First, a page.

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JavaScript null vs undefined

In JavaScript null and undefined are rather strange values, both serve a very similar purpose, which is to indicate the absence of a value.

Null

Null is used to assign a reference to an object that you will no longer need or, directly, you want to have the variable declared but initialize it with a value that you still do not know what it will be exactly. In all these cases the best thing to do is to assign a null value.

  var miVariable = null;
  console.log(miVariable);

//log null

undefined

For undefined means that the variable is declared but its value has not yet been defined.

  var miVariable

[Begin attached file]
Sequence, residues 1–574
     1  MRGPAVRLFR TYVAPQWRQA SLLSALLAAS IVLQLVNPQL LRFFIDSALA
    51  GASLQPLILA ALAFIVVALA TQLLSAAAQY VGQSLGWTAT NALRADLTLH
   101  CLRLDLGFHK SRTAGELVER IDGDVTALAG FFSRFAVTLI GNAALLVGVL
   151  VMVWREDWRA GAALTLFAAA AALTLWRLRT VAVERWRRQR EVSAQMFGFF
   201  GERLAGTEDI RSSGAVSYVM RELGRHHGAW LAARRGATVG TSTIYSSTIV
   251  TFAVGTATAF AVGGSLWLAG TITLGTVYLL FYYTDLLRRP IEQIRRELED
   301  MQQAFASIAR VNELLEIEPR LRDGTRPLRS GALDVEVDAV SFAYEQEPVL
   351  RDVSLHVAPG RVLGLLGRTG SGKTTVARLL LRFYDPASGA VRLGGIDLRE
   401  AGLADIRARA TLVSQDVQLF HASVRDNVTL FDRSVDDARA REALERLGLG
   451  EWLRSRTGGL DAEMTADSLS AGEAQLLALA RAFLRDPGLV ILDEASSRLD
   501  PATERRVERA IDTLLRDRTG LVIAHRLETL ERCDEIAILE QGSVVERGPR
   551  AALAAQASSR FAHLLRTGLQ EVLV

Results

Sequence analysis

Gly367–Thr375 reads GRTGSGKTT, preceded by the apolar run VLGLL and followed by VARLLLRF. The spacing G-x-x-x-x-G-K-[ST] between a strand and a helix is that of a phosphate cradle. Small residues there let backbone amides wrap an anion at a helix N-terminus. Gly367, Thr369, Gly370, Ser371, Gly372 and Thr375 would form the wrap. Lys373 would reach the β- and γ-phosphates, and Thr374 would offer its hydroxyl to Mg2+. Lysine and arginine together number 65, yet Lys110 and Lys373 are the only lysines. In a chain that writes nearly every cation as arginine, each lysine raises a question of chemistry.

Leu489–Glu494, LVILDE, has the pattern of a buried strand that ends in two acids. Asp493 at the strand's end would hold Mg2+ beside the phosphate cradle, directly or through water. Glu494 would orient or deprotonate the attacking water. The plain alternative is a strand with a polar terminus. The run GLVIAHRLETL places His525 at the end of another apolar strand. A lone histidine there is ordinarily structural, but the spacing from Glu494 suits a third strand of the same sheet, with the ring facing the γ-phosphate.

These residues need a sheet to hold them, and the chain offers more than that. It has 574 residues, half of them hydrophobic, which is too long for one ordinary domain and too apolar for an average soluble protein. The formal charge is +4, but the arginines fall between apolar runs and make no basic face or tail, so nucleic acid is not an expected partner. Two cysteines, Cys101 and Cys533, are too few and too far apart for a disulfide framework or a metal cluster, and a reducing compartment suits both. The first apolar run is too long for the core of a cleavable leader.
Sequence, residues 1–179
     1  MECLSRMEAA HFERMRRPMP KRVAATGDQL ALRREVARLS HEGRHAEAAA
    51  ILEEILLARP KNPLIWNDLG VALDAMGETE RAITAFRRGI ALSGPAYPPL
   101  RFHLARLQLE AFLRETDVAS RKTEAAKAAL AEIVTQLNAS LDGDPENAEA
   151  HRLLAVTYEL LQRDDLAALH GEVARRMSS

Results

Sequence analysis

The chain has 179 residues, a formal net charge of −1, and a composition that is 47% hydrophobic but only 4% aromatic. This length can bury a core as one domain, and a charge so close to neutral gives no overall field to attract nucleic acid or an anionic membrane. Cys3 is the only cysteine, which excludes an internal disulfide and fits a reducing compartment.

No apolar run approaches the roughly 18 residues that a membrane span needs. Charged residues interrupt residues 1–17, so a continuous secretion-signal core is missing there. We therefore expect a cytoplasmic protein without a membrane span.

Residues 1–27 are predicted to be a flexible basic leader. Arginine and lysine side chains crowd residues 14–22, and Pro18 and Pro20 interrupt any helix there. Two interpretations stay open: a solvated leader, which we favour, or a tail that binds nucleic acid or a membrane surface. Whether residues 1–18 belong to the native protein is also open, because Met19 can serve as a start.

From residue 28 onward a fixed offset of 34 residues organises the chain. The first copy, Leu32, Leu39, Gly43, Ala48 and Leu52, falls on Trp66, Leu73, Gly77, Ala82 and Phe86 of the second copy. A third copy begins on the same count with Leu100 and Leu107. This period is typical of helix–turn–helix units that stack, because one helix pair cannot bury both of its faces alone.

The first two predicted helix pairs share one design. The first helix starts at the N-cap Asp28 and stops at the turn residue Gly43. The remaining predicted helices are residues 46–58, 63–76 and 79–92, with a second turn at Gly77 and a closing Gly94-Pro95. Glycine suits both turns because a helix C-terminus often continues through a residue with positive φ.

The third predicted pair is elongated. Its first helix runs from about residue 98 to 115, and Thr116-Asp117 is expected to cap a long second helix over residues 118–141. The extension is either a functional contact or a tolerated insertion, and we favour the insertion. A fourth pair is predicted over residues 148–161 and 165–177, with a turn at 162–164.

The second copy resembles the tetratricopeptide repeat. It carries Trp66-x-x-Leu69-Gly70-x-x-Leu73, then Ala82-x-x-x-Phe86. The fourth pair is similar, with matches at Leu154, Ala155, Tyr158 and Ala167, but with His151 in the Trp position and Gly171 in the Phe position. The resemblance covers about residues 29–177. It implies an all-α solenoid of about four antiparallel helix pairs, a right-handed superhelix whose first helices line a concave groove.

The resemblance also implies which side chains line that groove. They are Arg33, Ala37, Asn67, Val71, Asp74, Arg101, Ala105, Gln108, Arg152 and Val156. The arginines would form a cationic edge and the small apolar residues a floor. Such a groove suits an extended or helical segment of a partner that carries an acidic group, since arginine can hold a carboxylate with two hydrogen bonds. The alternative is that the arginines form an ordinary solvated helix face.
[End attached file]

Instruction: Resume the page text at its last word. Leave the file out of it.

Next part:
console.log(miVariable);

//log null

Both values are values of type false, so if you do a non-strict comparison you will get true undefined, which means that the variable is declared but its value has not yet been defined.

if (null == undefined) {
  return true
 }
//log true

and if you do a strict comparison, because they are not really the same, it returns a false:

if (null === undefined) {
   return true
 }
return false
//log false

Learned by leyaim-jimenez on Sep 21, 2021

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